Here’s some background:

The Immutables package has been in development since early 2012, counting from earliest prototypes. Currently, the toolkit is being used successfully in production applications: It is used for the development of airline inventory systems, travel deal aggregators, and other applications that take advantage of efficient in-memory storage and concurrent computations on the JVM.

Guava is used as an optional utility library for the generated classes, but in addition we employ an API style popularized by the “Effective Java, Second Edition” book and Guava Library. Use of null as an attribute value is rigorously prohibited (Using and avoiding null explained).

The Immutables package does not use compiler hacks with AST transformations or companion languages: It uses annotation processing - a part of the standard Java compiler. Classes are generated during the compilation process and are not stored in source control, but the generated sources are easily inspected if necessary. Generated code can extend user written code, but the two are never mixed in one file!

It may seem that the use of Immutables may result in some sort of anemic domain model. However, this impression is false - we see great benefits in the process of proper domain modelling. But we need solid building blocks — value objects, smart data objects, and immutable values containing methods that compute other values and reduce the complexity of services and entities.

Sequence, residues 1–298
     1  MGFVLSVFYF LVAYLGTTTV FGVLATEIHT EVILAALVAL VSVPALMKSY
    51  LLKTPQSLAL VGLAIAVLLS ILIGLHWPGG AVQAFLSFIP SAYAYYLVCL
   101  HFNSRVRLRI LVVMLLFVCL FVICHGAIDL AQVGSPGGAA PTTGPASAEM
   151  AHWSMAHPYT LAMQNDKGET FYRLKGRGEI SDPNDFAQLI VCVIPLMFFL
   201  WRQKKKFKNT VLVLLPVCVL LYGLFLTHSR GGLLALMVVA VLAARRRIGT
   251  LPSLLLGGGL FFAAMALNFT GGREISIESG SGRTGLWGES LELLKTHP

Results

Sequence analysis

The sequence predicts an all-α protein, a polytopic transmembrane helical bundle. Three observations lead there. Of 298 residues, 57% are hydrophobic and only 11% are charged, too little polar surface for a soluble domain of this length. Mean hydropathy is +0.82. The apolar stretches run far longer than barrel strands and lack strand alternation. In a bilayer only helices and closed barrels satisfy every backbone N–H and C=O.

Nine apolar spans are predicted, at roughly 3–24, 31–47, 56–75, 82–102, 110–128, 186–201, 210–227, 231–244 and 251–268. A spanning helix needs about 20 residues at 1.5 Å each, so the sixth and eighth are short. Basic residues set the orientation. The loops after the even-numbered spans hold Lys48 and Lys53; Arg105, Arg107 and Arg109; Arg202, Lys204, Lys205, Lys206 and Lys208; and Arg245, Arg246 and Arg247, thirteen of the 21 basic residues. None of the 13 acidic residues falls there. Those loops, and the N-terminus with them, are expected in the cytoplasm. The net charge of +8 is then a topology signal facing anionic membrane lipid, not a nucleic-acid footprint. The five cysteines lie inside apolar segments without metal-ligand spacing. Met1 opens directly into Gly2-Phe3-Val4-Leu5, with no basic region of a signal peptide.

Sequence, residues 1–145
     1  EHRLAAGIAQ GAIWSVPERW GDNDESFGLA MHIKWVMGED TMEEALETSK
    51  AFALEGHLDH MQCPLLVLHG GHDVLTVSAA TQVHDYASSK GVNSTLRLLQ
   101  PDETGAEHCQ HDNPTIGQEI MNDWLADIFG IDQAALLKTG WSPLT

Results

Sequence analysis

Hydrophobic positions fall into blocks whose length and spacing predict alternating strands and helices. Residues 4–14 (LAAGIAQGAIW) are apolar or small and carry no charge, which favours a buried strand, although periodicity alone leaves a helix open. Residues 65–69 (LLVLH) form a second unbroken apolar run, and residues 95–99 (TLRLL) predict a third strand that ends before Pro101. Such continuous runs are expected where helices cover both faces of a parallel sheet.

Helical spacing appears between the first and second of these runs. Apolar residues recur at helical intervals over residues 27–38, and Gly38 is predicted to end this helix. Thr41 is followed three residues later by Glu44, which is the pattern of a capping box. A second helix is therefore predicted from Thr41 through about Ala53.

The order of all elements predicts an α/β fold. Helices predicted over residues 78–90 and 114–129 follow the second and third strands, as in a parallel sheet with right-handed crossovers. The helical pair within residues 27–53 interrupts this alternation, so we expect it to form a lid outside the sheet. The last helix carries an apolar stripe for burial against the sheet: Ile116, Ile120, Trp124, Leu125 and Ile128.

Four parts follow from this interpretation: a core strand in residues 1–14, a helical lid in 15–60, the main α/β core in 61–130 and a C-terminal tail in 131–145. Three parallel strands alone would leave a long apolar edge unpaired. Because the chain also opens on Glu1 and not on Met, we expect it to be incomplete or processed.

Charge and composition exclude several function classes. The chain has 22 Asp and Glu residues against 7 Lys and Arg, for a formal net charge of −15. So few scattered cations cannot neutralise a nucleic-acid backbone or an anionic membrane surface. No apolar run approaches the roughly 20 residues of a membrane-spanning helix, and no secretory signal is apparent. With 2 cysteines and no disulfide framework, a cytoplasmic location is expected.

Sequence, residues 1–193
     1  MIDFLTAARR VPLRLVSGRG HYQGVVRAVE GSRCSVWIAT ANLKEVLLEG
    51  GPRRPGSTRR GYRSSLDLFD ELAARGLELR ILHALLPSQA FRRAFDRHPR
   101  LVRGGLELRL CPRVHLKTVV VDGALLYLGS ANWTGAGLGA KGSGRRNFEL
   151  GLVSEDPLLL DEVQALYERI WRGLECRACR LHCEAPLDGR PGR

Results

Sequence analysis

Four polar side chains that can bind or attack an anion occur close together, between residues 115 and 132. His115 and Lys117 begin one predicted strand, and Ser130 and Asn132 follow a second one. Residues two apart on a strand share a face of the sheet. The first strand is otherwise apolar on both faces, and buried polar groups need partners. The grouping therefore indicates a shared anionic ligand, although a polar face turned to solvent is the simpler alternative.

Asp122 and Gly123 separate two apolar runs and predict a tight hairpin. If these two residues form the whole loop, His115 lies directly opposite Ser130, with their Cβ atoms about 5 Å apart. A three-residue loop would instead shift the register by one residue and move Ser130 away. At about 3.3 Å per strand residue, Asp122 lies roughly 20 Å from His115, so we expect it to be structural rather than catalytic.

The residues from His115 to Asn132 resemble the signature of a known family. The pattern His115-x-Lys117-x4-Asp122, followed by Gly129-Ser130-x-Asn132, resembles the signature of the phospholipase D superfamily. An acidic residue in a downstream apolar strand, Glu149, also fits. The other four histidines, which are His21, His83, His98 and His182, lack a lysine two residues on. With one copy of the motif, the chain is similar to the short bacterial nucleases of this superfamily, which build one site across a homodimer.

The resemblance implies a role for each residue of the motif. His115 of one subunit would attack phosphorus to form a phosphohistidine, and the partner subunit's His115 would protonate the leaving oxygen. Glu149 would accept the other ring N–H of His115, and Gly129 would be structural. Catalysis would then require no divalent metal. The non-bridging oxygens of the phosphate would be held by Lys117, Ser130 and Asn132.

Another aspect of modelling is the representation of system state and domain entities as sequences of events or snapshots. Techniques such as event sourcing reap the benefits of immutable object graphs, such as allowing sub-graphs to be shared between snapshots, transformations of system states, or even the full reconstruction of the state of a system at some point in time. For that kind of system, we just made writing immutable objects a whole lot easier.

The Immutables annotation processor is useful for increasing safety and consistency at application boundaries (as well as in internal data structures), and creating expressive data objects for your Java API.